AGU Meets the Computer Age, 1986

By Vicki Zwart

The American Geophysical Union joined the computer age in 1986 when its electronic communications network Kosmos went online. It was established to provide alternative means for communication between and among AGU members and more importantly, according to Eos, Vol. 67, No. 39, “to begin establishing the means for AGU to deliver products electronically.”

The first subscriber accounts were established in November of 1986 and by the end of the year, 156 individual accounts were active. Online content included legislative coverage, a geophysical meetings calendar, classified ads and the program for the 1986 Fall Meeting – 3 weeks before the abstract issue was in the mail! Members could order books, change their address and make claims for missing journals all electronically.

By the end of 1987, Kosmos had gone international, serving geophysicists around the world. In addition to the electronic mail, the network gave global users easy access to other scientists for consultation, registration for meetings and scientific news and information bulletin boards. According to the Annual Report for 1987 in Eos, Vol. 69, No. 17, another of AGU’s major goals was to use Kosmos “to connect individual scientists by setting up gateways with other networks … to establish a true network of Earth and space scientists.”

The Kosmos network helped make life easier for those submitting meeting abstracts. In 1995, about 30% of the Spring Meeting abstracts were submitted electronically, giving procrastinating presenters the ability to submit up to the last day.  And by 1996, nearly all abstracts were expected to be submitted through Kosmos.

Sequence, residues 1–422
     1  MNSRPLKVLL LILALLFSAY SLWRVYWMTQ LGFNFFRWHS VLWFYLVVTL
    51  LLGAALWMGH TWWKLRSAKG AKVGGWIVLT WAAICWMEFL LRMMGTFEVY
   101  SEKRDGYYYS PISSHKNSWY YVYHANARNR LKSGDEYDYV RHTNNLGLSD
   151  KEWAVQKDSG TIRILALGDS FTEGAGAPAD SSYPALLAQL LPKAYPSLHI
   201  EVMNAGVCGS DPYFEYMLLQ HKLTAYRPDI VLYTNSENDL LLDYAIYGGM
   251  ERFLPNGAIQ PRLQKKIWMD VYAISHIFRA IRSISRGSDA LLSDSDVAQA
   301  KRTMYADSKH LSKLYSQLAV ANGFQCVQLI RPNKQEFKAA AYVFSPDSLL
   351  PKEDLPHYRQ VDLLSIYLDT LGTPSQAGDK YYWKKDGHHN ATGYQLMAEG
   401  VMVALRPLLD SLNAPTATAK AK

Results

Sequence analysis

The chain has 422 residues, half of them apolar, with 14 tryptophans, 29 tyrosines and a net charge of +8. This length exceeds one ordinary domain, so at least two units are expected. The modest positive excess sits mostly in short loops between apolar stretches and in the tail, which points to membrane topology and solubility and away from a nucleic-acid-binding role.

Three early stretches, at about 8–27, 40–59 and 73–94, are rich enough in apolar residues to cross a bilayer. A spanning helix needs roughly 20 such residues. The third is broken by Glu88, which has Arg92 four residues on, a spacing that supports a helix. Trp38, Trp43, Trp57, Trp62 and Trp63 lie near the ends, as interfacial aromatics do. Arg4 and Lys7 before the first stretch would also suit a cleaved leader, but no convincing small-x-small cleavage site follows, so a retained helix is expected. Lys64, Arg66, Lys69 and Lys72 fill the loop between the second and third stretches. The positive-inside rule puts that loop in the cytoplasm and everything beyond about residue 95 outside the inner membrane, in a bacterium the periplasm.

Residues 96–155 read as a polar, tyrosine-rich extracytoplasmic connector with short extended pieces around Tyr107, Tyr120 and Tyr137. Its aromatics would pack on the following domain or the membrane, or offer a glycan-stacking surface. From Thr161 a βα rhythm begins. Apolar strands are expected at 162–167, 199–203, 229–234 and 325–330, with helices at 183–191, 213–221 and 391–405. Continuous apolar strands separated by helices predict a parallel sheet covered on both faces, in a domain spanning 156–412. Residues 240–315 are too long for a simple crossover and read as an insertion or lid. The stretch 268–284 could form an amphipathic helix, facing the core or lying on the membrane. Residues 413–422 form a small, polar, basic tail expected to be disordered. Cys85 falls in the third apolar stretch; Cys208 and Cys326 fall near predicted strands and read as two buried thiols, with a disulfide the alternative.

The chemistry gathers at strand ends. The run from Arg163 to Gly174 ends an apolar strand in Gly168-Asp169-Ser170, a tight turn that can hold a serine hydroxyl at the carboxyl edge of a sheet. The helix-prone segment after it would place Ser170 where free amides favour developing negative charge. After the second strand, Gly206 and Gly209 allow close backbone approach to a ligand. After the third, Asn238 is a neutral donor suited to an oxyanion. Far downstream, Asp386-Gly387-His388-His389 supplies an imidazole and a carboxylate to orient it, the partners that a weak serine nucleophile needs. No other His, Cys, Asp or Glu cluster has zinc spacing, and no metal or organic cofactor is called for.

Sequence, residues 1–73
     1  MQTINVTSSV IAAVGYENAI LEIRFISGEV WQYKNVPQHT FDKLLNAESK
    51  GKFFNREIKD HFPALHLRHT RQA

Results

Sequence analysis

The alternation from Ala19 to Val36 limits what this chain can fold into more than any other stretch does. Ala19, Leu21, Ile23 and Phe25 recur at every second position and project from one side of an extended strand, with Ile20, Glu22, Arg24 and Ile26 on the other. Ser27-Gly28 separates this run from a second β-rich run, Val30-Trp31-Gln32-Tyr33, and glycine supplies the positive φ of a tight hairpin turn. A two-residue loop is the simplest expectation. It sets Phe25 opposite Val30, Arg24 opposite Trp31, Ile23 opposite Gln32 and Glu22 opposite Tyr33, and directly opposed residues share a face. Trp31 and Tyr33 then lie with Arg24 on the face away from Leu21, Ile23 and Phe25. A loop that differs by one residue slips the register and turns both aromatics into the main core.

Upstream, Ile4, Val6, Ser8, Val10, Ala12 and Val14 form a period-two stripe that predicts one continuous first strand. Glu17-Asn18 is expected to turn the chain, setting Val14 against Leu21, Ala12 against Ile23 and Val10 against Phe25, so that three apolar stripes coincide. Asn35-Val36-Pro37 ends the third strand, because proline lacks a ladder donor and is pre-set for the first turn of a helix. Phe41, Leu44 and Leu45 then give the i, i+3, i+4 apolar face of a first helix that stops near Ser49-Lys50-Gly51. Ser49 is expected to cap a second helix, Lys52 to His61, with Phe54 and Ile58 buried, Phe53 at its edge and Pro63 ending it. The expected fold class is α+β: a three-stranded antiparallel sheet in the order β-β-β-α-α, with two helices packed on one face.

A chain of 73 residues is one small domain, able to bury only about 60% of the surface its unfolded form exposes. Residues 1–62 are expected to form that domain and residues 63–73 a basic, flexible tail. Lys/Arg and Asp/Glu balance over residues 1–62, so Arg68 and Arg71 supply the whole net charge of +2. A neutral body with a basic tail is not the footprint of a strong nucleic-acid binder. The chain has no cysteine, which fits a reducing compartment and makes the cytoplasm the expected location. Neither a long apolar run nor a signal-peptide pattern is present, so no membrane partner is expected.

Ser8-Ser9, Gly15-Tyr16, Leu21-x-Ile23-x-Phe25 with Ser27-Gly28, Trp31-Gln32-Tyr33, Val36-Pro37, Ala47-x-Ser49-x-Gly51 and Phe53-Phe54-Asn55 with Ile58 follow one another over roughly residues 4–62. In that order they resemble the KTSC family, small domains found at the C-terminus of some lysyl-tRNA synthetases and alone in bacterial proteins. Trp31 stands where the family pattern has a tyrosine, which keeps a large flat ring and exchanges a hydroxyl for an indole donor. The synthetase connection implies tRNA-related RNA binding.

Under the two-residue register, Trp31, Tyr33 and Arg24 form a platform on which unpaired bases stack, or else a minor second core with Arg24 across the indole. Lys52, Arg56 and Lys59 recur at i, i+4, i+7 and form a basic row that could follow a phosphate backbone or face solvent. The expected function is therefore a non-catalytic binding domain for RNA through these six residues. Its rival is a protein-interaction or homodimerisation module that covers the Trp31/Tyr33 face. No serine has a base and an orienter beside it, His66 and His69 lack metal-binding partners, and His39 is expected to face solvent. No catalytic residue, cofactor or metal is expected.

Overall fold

Also in 1995, AGU was moving forward on its mission to deliver products electronically with the development of a prototype journal, Earth Interactions. The publication gave authors the means to use computer animations and other visualization techniques that could not be accommodated by traditional publishing. The journal was launched in 1997.



In the beginning, a Kosmos connection was available through PINET, which was operated by the American Institute of Physics. Using Kosmos on PINET provided access to a variety of databases, including the AGU membership directory, meetings information, and various geophysical and political news.

The electronic abstract submission service through Kosmos went live in 1991.  It caught on quickly after just 30 abstracts were submitted for the Spring Meeting … 200 were sent for the Fall Meeting!

In 1993, Kosmos provided access to AGU’s “Current Publications Index” containing full bibliographic information for all of the Union’s publications: journals books, and translations.

Earth Interactions was published jointly by AGU and the American Meteorological Society.

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